Presentation on theme: "FINDING A JOB AFTER GRADUATION Welcome Job Search 101 Self Assessment Identifying Potential Employers Researching An Employer Preparing Your."— Presentation transcript:
FINDING A JOB AFTER GRADUATION Welcome Job Search 101 Self Assessment Identifying Potential Employers Researching An Employer Preparing Your Promotional Tools Making Contact With A Potential Employer Career Planning Centre Services
Job Search 101: When to Start If you are graduating in the Spring, start your job search now! Many employers recruit in the Fall, some as early as September Treat your job search seriously – schedule time each week to devote to it.
Job Search 101: Steps 1. Self-Assessment: Know what you want and what you can offer an employer 2. Identify Potential Employers 3. Research Potential Employers 4. Prepare your Promotional Tools: resume, cover letter, interview skills 5. Make Contact with Employer
Self Assessment Interests: What do you like to do? Values: What is important to you in a job? Skills: what are you good at? What are some skills you’ve gained from your education and your experience that would be relevant to employment?
Identifying Potential Employers Some Employment Programs for New Graduates: Nova Scotia Civil Service Internship Program (www.gov.ns.ca/psc/career)www.gov.ns.ca/psc/career Public Service Commission of Canada Post Secondary Recruitment (http://jobs.gc.ca) Career Edge (www.careeredge.ca)www.careeredge.ca Entrepreneurship Programs: Create your own job! SEED Capital Connexion Program (www.acoa.ca/e/financial/capital.shtml )www.acoa.ca/e/financial/capital.shtml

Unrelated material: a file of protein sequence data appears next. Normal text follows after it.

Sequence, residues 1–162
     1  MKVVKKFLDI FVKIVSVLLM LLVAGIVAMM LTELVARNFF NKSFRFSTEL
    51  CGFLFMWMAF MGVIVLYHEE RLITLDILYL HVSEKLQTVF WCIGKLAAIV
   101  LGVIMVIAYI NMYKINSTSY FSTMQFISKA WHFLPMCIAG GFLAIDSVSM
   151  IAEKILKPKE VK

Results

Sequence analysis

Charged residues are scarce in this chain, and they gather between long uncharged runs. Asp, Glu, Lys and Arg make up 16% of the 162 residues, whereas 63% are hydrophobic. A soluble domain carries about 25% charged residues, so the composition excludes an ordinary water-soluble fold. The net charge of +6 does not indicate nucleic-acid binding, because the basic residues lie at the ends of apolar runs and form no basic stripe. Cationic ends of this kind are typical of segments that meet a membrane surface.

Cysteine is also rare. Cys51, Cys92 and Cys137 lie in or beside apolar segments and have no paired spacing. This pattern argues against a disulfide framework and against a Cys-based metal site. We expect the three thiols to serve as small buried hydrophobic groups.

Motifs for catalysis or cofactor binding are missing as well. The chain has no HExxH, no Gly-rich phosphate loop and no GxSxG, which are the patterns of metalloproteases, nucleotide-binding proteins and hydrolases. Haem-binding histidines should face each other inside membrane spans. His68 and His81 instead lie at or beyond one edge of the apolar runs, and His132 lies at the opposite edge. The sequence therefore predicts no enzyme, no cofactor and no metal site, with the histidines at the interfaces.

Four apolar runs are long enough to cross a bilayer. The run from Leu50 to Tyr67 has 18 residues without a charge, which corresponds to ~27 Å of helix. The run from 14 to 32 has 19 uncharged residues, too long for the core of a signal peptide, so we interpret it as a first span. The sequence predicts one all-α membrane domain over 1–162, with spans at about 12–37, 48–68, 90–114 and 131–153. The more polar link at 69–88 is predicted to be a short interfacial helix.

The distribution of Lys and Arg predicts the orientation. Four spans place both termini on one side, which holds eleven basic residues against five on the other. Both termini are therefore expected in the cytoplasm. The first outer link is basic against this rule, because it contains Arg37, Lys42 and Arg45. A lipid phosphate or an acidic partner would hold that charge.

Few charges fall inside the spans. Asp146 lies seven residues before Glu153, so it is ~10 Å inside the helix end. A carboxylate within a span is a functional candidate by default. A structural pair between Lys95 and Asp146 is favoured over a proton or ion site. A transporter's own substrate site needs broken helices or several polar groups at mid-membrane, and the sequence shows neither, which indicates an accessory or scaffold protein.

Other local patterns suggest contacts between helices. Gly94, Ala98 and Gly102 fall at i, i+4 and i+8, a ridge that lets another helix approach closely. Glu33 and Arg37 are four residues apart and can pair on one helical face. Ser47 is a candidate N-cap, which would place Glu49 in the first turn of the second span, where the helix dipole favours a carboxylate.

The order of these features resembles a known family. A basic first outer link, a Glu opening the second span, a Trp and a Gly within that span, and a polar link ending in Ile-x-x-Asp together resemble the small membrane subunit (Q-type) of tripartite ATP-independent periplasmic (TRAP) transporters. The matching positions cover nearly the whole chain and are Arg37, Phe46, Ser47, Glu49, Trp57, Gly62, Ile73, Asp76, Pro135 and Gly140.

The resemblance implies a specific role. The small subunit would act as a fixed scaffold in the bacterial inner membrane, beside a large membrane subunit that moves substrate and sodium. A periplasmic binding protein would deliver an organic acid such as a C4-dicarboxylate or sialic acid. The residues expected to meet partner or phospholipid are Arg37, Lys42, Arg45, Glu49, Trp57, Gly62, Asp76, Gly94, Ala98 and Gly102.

Identifying Potential Employers Visible Job Market www.msvu.ca/careerplanning www.msvu.ca/careerplanning www.careercruising.com (Username: Mount, Password: Vincent) www.careercruising.com Service Canada Job Bank (http://jobbank.gc.ca )http://jobbank.gc.ca University departmental bulletin boards Company postings (in-house, websites) Employment Agencies Halifax Career Fair: www.halifaxcareerfair.cawww.halifaxcareerfair.ca Summer Job Fair: www.smu.ca/sjf
Identifying Potential Employers 80% of jobs are never advertised The “hidden job market” How do you find jobs that are not advertised?
Identifying Potential Employers Accessing the Hidden Job Market Networking (in person and social networking sites) Newspaper articles Company newsletters and websites Yellow Pages, The Career Directory (2007) Directories related to your field of study (Directory of Community Services, Business Directory for the Metro Halifax Chamber of Commerce) Professional Associations Volunteering
Using Linked-In and Other Social Media Tools What is it? www.linkedin.comwww.linkedin.com How to make new professional connections Use of other social media – Facebook, Twitter, etc… Resource: How to Find a Job on LinkedIn, Facebook, Twitter, MySpace and other Social Networks, B. & D. Schepp, 2010
Researching Potential Employers Research products and services they offer, what they look for in employees, application methods, special initiatives, recruitment schedules. Researching the employer will help you identify what you can contribute to the organization. How can you research employers?